/ Geolocation

Python bindings and utilities for GeoJSON

Python bindings and utilities for GeoJSON

python-geojson

Python bindings and utilities for GeoJSON

This library contains:

  • Functions for encoding and decoding GeoJSON formatted data
  • Classes for all GeoJSON Objects
  • An implementation of the Python geo_interface Specification

Installation

python-geojson is compatible with Python 2.7, 3.3, 3.4, 3.5 and 3.6. It is listed on PyPi as 'geojson'. The recommended way to install is via pip:

  pip install geojson

GeoJSON Objects

This library implements all the GeoJSON Objects described in The GeoJSON Format Specification.

All object keys can also be used as attributes.

The objects contained in GeometryCollection and FeatureCollection can be indexed directly.

Point

>>> from geojson import Point

>>> Point((-115.81, 37.24))  # doctest: +ELLIPSIS
{"coordinates": [-115.8..., 37.2...], "type": "Point"}

Visualize the result of the example above here. General information about Point can be found in Section 3.1.2 and Appendix A: Points within The GeoJSON Format Specification.

MultiPoint

>>> from geojson import MultiPoint

>>> MultiPoint([(-155.52, 19.61), (-156.22, 20.74), (-157.97, 21.46)])  # doctest: +ELLIPSIS
{"coordinates": [[-155.5..., 19.6...], [-156.2..., 20.7...], [-157.9..., 21.4...]], "type": "MultiPoint"}

Visualize the result of the example above here. General information about MultiPoint can be found in Section 3.1.3 and Appendix A: MultiPoints within The GeoJSON Format Specification.

LineString

>>> from geojson import LineString

>>> LineString([(8.919, 44.4074), (8.923, 44.4075)])  # doctest: +ELLIPSIS
{"coordinates": [[8.91..., 44.407...], [8.92..., 44.407...]], "type": "LineString"}

Visualize the result of the example above here. General information about LineString can be found in Section 3.1.4 and Appendix A: LineStrings within The GeoJSON Format Specification.

MultiLineString

>>> from geojson import MultiLineString

>>> MultiLineString([
...     [(3.75, 9.25), (-130.95, 1.52)],
...     [(23.15, -34.25), (-1.35, -4.65), (3.45, 77.95)]
... ])  # doctest: +ELLIPSIS
{"coordinates": [[[3.7..., 9.2...], [-130.9..., 1.52...]], [[23.1..., -34.2...], [-1.3..., -4.6...], [3.4..., 77.9...]]], "type": "MultiLineString"}

Visualize the result of the example above here. General information about MultiLineString can be found in Section 3.1.5 and Appendix A: MultiLineStrings within The GeoJSON Format Specification.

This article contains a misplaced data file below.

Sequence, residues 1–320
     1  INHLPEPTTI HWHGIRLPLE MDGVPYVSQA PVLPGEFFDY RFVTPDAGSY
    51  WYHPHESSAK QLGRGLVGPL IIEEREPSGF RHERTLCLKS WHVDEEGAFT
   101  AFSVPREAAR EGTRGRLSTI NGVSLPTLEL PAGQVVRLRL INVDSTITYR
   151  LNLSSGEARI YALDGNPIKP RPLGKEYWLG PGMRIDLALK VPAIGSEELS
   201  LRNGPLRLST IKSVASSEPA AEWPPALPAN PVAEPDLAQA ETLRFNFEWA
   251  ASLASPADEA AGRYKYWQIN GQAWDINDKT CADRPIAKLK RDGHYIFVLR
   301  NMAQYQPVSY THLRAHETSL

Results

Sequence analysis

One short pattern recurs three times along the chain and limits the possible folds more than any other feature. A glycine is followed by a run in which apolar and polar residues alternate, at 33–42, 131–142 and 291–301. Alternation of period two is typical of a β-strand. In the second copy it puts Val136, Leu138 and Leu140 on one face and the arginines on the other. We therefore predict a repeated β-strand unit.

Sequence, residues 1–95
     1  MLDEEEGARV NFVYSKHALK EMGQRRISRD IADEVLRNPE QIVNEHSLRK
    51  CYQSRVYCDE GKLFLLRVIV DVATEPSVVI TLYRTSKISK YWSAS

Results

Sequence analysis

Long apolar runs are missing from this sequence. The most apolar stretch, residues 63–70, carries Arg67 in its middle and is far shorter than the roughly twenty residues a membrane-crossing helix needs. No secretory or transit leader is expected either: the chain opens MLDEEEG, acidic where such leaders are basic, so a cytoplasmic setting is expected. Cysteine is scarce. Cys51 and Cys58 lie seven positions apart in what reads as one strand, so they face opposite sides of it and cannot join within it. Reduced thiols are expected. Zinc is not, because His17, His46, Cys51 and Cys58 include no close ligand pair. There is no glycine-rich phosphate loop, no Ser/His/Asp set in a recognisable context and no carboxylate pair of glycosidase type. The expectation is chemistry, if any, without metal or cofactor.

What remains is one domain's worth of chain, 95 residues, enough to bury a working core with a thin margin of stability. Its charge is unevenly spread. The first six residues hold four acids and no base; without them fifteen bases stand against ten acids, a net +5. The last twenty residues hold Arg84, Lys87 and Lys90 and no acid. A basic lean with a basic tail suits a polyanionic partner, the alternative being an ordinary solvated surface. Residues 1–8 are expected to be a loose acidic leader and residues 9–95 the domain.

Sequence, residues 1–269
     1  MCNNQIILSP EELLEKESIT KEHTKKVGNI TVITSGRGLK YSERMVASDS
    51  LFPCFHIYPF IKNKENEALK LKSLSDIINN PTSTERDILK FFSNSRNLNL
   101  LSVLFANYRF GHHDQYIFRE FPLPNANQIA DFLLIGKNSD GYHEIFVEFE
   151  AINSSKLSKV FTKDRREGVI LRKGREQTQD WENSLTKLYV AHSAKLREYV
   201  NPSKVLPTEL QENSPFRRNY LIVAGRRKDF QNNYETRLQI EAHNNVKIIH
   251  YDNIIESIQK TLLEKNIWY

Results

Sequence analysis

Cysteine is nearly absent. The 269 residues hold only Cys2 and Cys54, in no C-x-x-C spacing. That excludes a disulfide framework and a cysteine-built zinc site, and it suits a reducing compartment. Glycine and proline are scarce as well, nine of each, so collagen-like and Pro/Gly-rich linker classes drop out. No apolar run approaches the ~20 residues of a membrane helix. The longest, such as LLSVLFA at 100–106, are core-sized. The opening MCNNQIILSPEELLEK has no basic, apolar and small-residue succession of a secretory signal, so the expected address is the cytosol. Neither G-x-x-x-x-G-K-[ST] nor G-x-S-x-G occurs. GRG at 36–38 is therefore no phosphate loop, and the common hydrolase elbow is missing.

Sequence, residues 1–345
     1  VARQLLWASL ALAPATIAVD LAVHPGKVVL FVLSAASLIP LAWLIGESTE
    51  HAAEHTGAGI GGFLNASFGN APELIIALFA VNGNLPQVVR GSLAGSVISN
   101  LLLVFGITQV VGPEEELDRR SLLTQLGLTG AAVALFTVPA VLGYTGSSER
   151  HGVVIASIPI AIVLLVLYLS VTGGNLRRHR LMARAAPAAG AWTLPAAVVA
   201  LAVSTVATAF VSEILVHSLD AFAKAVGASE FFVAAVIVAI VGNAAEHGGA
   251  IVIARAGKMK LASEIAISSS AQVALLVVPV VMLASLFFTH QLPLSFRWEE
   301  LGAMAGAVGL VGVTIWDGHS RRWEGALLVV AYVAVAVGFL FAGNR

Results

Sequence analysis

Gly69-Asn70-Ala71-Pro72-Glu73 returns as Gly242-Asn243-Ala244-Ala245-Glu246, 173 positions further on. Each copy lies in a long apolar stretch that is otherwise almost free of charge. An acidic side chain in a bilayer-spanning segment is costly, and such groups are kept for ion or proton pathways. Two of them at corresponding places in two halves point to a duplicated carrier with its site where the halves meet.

Polygon

>>> from geojson import Polygon

>>> # no hole within polygon
>>> Polygon([[(2.38, 57.322), (23.194, -20.28), (-120.43, 19.15), (2.38, 57.322)]])  # doctest: +ELLIPSIS
{"coordinates": [[[2.3..., 57.32...], [23.19..., -20.2...], [-120.4..., 19.1...]]], "type": "Polygon"}

>>> # hole within polygon
>>> Polygon([
...     [(2.38, 57.322), (23.194, -20.28), (-120.43, 19.15), (2.38, 57.322)],
...     [(-5.21, 23.51), (15.21, -10.81), (-20.51, 1.51), (-5.21, 23.51)]
... ])  # doctest: +ELLIPSIS
{"coordinates": [[[2.3..., 57.32...], [23.19..., -20.2...], [-120.4..., 19.1...]], [[-5.2..., 23.5...], [15.2..., -10.8...], [-20.5..., 1.5...], [-5.2..., 23.5...]]], "type": "Polygon"}

Visualize the results of the example above here. General information about Polygon can be found in Section 3.1.6 and Appendix A: Polygons within The GeoJSON Format Specification.

MultiPolygon

>>> from geojson import MultiPolygon

>>> MultiPolygon([
...     ([(3.78, 9.28), (-130.91, 1.52), (35.12, 72.234), (3.78, 9.28)],),
...     ([(23.18, -34.29), (-1.31, -4.61), (3.41, 77.91), (23.18, -34.29)],)
... ])  # doctest: +ELLIPSIS
{"coordinates": [[[[3.7..., 9.2...], [-130.9..., 1.5...], [35.1..., 72.23...]]], [[[23.1..., -34.2...], [-1.3..., -4.6...], [3.4..., 77.9...]]]], "type": "MultiPolygon"}

Visualize the result of the example above here. General information about MultiPolygon can be found in Section 3.1.7 and Appendix A: MultiPolygons within The GeoJSON Format Specification.